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Home > Home Buying Tips > Make the Most of your Home Buying Tax Credit

Make the Most of your Home Buying Tax Credit


Are you a first time home buyer? You will definitely want to make sure that you take the most advantage possible from the home buying tax credit programs available for first time homebuyers.

If you are not familiar with the tax credit for first time home buyers you should know that this program can be claimed either on 2009 or on 2010 tax returns. If you obtain a loan that is backed by the Federal Housing Administration, you can use funds to cover closing costs as well as other fees including the down payment in certain cases. Also, there are several states which provide methods for home buyers to use the tax credit in even faster ways.

In order to be eligible for the tax credit, you must not have owned a home within the preceding three years and you must buy the house, or enter into a binding contract to buy, on or before April 30, 2010. Home buyers who purchases a home from Apr 8, 2008 to June 30, 2010 may be able to take advantage of the first-time homebuyer credit. There are some tips that you should keep in mind.

First, remember that there are applicable income thresholds. In order to qualify for the tax credit, individuals must have an income of not more than $75,000 and joint filers must have an income that does not exceed $150,000. The credit does begin to phase out once those limits have been exceeded.

If you did not claim the tax credit on last year's taxes and you claim it on your 2010 taxes then there is the possibility of actually increasing your take home pay. This is because you will be able to change your withholding status and receive more money on your paycheck. While you will not be able to receive as large of a tax refund next year, you will have a little extra income every month now.

In addition, you can reduce your federal as well as your state tax withholding in order to account for the tax deduction that you will be taking on the property taxes and mortgage interest that you will be paying.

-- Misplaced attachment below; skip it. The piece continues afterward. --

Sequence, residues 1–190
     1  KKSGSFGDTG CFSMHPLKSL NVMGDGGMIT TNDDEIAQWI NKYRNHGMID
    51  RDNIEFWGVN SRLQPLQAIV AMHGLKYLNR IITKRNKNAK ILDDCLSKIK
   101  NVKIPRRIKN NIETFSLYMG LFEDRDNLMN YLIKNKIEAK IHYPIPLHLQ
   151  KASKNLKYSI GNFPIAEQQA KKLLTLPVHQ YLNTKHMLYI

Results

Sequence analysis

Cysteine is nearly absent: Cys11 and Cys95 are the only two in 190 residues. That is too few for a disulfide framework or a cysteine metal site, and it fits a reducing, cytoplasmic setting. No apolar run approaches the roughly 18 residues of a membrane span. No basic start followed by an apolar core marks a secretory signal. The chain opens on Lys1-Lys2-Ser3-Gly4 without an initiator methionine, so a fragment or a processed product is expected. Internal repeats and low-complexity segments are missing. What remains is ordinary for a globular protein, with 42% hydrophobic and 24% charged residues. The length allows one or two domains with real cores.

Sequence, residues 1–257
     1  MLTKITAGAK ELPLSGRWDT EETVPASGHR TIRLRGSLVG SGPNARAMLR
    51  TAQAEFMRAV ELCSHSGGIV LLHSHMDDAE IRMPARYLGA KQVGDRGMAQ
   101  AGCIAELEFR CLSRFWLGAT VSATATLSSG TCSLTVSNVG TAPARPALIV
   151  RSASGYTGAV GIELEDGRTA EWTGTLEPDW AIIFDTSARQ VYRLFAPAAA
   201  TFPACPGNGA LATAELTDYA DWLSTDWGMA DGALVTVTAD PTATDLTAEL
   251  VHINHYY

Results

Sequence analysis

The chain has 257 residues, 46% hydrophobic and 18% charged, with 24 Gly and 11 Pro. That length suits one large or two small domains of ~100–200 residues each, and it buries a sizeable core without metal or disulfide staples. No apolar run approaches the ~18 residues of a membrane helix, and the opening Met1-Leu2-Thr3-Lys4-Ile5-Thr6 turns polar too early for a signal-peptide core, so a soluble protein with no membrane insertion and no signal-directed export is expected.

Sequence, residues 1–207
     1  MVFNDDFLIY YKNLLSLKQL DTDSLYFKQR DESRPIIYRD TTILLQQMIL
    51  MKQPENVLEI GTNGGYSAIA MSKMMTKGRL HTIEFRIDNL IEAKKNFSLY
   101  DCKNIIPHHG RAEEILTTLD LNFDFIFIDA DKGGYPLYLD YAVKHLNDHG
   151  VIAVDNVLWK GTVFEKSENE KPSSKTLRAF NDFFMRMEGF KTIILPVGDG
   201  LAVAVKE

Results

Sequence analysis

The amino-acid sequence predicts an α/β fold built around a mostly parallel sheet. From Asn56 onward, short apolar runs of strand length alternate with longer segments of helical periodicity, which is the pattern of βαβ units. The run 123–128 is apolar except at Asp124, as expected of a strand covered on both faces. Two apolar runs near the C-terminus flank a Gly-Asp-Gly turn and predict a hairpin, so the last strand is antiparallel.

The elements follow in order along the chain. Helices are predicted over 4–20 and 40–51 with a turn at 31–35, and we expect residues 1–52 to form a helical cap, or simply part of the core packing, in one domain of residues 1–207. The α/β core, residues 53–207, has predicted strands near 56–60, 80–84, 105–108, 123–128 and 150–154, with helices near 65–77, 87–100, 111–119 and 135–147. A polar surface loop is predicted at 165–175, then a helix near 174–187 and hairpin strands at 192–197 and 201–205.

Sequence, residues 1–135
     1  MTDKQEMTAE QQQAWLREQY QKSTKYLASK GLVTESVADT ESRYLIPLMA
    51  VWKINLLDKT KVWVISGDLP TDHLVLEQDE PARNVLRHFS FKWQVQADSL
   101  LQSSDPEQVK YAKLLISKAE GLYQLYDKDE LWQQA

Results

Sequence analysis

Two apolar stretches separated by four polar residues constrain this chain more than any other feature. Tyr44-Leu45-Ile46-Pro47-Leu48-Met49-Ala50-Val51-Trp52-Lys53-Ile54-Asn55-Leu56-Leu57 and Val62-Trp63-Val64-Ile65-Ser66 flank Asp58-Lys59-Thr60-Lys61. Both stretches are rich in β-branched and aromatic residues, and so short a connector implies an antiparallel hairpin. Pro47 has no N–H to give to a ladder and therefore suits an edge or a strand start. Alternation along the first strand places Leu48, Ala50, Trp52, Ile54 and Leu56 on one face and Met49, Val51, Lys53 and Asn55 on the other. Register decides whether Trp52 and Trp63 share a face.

There are now at least ten states in which bridge loans are being offered for the federal tax credit. Such loans allow homeowners to benefit from the $8,000 tax credit prior to the 2010 filing season. At the current time, in order to qualify, you must be a homebuyer in the following states: Colorado, Delaware, Idaho, Kentucky, Missouri, New Jersey, New Mexico, Ohio, Pennsylvania and Tennessee. In these states, homebuyers have the ability to receive a loan with no or little interest and then repay the loan using their tax credit refund from the next year. This certainly provides many homeowners with more flexibility than they previously had. Keep in mind that the home buying tax credit programs do vary according to state. Some programs require a minimum down payment be made by the home buyer.

Apart from that, there are some non-profit organizations that are offering bridge loans for the tax credits as well, including NeighborWorks America. Furthermore, the state of California has also recently come up with its own one-time home buying credit. This program applies to homes that are newly built and are purchased between February 28th 2009 and March 1, 2010. This is a nonrefundable credit which is available to all home buyers, not just first time home buyers. The credit is the equivalent of 5% of the purchase price up to a maximum amount of $10,000. The credit may be claimed over a three year period. Qualified properties must be single-family residence properties and must also be the principal residence of the buyer.

Residents in California may take both the federal as well as the state tax. Residents should understand that funding is limited and at the current time there are no plans to provide more funding for the program, so it is definitely on a first come, first serve basis.

Recently it was also announced by FHA that borrowers will be able to receive advances on the $8,000 tax credit through lenders. This means that borrowers will not have to wait until next year to receive the credit through the IRS. Of course, buyers will still need to provide the 3.5% down payment that is required by FHA, but the advance from the credit can be applied increase the down payment or may be applied to closing costs or other fees. Keep in mind that lenders are not necessarily required to participate in the program due to the fact that it does involve more work for them. For more information on First time homebuyer tax credit, please refer to IRS for more details.


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